{Interview+Giveaway} A Wicked Thing by Rhiannon Thomas @RhiannonKT

December 1, 2015 Blog Tours, Giveaways, Interview 3

{Interview+Giveaway} A Wicked Thing by Rhiannon Thomas @RhiannonKT

{Interview+Giveaway} A Wicked Thing by Rhiannon Thomas @RhiannonKTA Wicked Thing by Rhiannon Thomas
Pages: 337
Published by HarperTeen on February 24, 2015
Series: A Wicked Thing #1
Genres: Young Adult, Romance, Fantasy & Magic

Rhiannon Thomas's dazzling debut novel is a spellbinding reimagining of
Sleeping Beauty
and what happens after happily ever after.
One hundred years after falling asleep, Princess Aurora wakes up to the kiss of a handsome prince and a broken kingdom that has been dreaming of her return. All the books say that she should be living happily ever after. But as Aurora understands all too well, the truth is nothing like the fairy tale.

Her family is long dead. Her "true love" is a kind stranger. And her whole life has been planned out by political foes while she slept.

As Aurora struggles to make sense of her new world, she begins to fear that the curse has left its mark on her, a fiery and dangerous thing that might be as wicked as the witch who once ensnared her. With her wedding day drawing near, Aurora must make the ultimate decision on how to save her kingdom: marry the prince or run.

Rhiannon Thomas weaves together vivid scenes of action, romance, and gorgeous gowns to reveal a richly imagined world … and
Sleeping Beauty
as she’s never been seen before.

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Interview

1. Describe A Wicked Thing in a Tweet (140 characters or less)

The story of what happens after Sleeping Beauty wakes up.

2. What do you think is the hardest part of writing a retelling?

Finding the balance between the traditional story and your own ideas. I’ve definitely read retellings that seemed to be held back by the need to include certain familiar elements, but if you wander too far from the familiar, is it really a retelling any more?

3. What are some of your favorite fairy tales? (or their retellings?)

My favorite fairy tale has always been The Little Mermaid. The imagery really stuck with me, like the description that every step felt like she was dancing on knives… which is a pretty morbid detail for a kid to find compelling, now that I think about it.

As for favorite retellings, I have to gush over Mechanica by Betsy Cornwell. It’s such an amazing, magical, emotional book.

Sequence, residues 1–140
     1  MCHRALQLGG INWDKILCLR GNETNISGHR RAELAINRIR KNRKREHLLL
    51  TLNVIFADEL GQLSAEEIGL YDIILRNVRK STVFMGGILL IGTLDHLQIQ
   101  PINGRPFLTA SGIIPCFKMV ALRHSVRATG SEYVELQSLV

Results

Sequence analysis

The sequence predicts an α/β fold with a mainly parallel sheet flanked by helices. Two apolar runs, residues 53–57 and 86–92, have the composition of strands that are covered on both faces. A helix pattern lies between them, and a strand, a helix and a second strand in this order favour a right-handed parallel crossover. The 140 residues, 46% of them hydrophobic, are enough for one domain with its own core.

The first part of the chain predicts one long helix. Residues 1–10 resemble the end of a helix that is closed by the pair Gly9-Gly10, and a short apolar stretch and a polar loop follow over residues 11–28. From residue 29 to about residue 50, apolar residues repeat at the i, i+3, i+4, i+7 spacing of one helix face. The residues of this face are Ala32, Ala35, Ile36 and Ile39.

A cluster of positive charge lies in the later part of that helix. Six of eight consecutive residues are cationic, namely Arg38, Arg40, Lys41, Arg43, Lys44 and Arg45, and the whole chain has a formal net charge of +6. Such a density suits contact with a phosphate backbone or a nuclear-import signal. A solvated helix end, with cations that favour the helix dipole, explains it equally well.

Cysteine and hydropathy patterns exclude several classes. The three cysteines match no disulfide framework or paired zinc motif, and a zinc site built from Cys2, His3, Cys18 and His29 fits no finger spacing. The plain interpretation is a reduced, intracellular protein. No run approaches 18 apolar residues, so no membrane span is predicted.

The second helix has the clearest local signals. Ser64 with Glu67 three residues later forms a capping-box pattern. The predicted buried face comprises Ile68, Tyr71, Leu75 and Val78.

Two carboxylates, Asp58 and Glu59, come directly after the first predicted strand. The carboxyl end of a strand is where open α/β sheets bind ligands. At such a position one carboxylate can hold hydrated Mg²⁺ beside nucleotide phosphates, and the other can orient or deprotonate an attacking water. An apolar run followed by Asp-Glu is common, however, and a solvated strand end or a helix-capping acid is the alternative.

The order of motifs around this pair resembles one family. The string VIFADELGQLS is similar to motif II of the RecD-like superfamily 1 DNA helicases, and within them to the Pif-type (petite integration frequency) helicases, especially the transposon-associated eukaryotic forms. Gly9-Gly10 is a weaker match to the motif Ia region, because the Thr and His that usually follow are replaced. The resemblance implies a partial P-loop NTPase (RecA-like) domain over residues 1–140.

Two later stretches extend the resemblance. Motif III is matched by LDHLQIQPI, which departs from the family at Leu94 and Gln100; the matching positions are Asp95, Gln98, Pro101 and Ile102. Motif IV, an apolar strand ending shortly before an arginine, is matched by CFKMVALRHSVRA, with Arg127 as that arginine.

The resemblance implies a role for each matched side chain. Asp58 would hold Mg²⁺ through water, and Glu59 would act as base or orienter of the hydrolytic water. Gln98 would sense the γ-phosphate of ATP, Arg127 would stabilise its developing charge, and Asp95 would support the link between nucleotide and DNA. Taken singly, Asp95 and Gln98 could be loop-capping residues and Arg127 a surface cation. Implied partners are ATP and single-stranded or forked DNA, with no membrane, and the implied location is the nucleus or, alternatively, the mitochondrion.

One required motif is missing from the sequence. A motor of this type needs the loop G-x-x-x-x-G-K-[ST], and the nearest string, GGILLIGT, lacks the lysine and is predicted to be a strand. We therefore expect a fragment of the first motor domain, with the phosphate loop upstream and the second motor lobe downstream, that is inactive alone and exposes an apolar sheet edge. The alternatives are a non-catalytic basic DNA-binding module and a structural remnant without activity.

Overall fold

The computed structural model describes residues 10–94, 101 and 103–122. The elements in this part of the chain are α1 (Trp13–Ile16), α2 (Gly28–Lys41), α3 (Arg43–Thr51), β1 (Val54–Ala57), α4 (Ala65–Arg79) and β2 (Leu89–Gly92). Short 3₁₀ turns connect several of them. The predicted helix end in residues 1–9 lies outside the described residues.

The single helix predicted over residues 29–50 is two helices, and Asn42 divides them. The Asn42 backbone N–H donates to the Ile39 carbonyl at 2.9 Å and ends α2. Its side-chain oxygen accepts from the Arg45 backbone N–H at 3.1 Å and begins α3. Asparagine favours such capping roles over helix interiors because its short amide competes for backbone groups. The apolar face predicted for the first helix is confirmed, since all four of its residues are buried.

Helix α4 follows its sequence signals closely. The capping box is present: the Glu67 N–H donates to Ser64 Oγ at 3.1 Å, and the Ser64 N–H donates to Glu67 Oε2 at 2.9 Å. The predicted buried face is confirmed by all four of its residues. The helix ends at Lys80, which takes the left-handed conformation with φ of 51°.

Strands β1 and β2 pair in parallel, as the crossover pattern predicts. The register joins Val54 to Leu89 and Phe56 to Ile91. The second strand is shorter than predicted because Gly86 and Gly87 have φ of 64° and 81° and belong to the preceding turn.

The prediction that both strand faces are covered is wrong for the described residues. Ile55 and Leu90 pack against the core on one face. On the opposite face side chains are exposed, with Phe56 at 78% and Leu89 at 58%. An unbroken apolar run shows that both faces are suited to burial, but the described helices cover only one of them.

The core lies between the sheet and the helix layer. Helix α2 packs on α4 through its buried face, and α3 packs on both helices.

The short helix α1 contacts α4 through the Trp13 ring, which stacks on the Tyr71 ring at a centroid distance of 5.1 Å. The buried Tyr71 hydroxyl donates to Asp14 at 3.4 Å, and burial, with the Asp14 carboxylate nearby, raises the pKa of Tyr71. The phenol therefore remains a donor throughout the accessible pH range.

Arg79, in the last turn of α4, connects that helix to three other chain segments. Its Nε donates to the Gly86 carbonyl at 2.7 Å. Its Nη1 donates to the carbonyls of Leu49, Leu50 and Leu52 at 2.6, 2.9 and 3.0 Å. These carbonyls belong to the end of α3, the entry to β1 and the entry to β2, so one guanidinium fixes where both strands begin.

4. Did you plan your novel out or did you let inspiration strike your writing as you go?

A bit of both. I tend to plan out novels, then stubbornly ignore that plan as my writing spirals off in a different direction entirely. I find it hard to get started without at least the illusion of a plan, but they never last for long.

5. What is one thing that we would be surprised to learn about Aurora?

She’s not a kick-butt heroine. That’s not a surprise to anyone who’s read the book, but to new readers, it might be. There’s been a big trend in YA fantasy recently for the battle-hardened assassin/warrior/unstoppable mage figure, so I think people might expect that when they pick up a fantasy retelling. But although I LOVE those stories and characters, Aurora was never that sort of character to me. She starts the novel incredibly lost, as you would be if you woke up after sleeping for a hundred years to an entirely new world, and her strength comes from her journey as she figures out what she wants to do and who she wants to be.

6. If we looked under your bed right now, what would we find?

Probably about 5000 pens. My cat always steals them from my bedside table and plays with them, until they roll under there and are never seen again.

7. What are some of your bookish pet peeves right now?

Recently, I’ve been getting frustrated by narrators who keep secrets from the reader. It’s great if characters have secrets from each other, but it’s really frustrating when the perspective character has a secret and just… doesn’t ever think about it? Inside their own head? Not even a hint and a repressed “I don’t want to think about it”? Whether it’s “this was my secret plan all along” or “haha, tricked you, my friend isn’t really dead!”, if they know something, I think we should know it too. Otherwise, I feel really disconnected from the main character, like they’ve been lying to me, and I kind of lose interest.

Also, abusive jerkface guys treated like the most swoonily romantic things ever. Just… no. Always, no.

———————–

Thank you so much for being here today Rhiannon. I am totally with you about the pens and the narrators/perspective characters keeping secrets. That frustrates me as well 🙂 

 

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About Rhiannon Thomas

Rhiannon Thomas is a recent graduate from Princeton University, where she studied English and Japanese, and smuggled bubble tea into the library on a regular basis. She now lives in York, England.

As well as reading and writing YA fiction, she runs the blog FeministFiction.com, where she discusses TV, books, and all kinds of fannish things from a feminist perspective.

I don’t hang out on Goodreads much, so if you want to contact me, please swing by my personal website or message me on Twitter.

Michelle @ Book Briefs

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